According to BleepingComputer, forum users have noticed an uptick in attacks since December 20, with submissions to the ID ransomware service for this specific threat increasing on December 19 and peaking on December 20.
At this moment, it is unclear how threat actors gained access to QNAP devices; nevertheless, some users say that attackers hacked them using a weakness in the Photo Station software.
The attackers first create a user in the administrator group, which they then use to encrypt the NAS’s data. The threat actor behind this campaign mistyped the extension for the ransom note, using the “.TXTT” extension. The ransom demanded by the ech0raix ransomware ranges from.024 bitcoins ($1,200) to.06 bitcoins ($3,000).
Bleeping Computers researchers reported that, “It’s worth noting that there’s a free decryptor for files encrypted by an older version of the eCh0raix ransomware (before July 17th, 2019).” However, there is no free way to decrypt data that has been encrypted by the malware’s most recent variations (versions 1.0.5 and 1.0.6).”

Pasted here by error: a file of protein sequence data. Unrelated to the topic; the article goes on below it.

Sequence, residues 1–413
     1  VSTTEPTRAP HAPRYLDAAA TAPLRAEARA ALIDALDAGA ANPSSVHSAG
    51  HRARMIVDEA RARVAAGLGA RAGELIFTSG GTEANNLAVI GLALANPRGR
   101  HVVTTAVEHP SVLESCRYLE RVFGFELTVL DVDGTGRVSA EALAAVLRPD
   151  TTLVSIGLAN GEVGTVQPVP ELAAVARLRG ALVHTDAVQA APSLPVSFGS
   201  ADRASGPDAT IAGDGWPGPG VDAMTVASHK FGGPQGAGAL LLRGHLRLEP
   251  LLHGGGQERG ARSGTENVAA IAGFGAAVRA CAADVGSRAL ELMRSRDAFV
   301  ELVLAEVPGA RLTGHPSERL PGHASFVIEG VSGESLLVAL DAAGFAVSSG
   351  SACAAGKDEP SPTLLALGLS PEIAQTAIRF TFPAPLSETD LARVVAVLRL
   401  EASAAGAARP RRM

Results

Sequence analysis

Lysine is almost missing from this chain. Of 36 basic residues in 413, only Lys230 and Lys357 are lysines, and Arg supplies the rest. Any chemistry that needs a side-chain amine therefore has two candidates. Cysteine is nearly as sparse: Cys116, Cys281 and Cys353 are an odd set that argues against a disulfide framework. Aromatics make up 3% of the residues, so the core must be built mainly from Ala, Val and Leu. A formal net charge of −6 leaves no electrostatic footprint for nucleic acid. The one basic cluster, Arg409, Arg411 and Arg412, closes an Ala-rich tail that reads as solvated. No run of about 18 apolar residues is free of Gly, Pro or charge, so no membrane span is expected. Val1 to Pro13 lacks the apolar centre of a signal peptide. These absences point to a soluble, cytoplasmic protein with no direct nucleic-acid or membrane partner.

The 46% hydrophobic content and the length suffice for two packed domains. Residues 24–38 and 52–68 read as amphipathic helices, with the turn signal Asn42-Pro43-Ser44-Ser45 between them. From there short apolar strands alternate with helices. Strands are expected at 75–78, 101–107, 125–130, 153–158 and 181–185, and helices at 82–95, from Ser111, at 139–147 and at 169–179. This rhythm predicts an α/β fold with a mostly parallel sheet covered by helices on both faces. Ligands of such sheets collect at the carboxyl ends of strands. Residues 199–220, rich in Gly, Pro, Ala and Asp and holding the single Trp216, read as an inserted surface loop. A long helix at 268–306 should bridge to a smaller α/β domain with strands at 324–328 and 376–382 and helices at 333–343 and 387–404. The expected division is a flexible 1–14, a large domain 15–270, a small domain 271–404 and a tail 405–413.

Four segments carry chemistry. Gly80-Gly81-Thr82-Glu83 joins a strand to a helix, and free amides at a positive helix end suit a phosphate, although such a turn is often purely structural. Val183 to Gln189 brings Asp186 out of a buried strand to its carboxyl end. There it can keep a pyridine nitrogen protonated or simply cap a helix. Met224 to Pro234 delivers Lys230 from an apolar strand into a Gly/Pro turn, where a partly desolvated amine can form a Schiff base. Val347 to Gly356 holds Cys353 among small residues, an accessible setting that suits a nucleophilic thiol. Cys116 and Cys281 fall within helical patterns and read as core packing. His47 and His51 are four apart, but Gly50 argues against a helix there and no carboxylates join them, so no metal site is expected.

The ransomware, dubbed “QNAPCrypt” by Intezer and “eCh0raix” by Anomali, is created in the Go programming language and encrypts files with AES encryption. The malicious malware appends the.encrypt extension to encrypted files’ filenames.
In August, a new form of the eCh0raix ransomware began infecting QNAP and Synology Network-Attached Storage (NAS) devices from Taiwan.
According to the Taiwanese firm, Ongoing eCh0raix ransomware attacks affected QNAP NAS machines using weak passwords.
Since at least 2019, when eExperts from security firms Intezer and Anomali detected a sample of the ransomware targeting Network Attached Storage (NAS) devices, the eCh0raix malware has been active.
Finally Anomali researchers concluded that,” a wave of eCh0raix attacks targeting Synology NAS equipment, in which threat actors used brute-force attacks. The company also issued a warning to its customers about the ongoing AgeLocker ransomware epidemic“.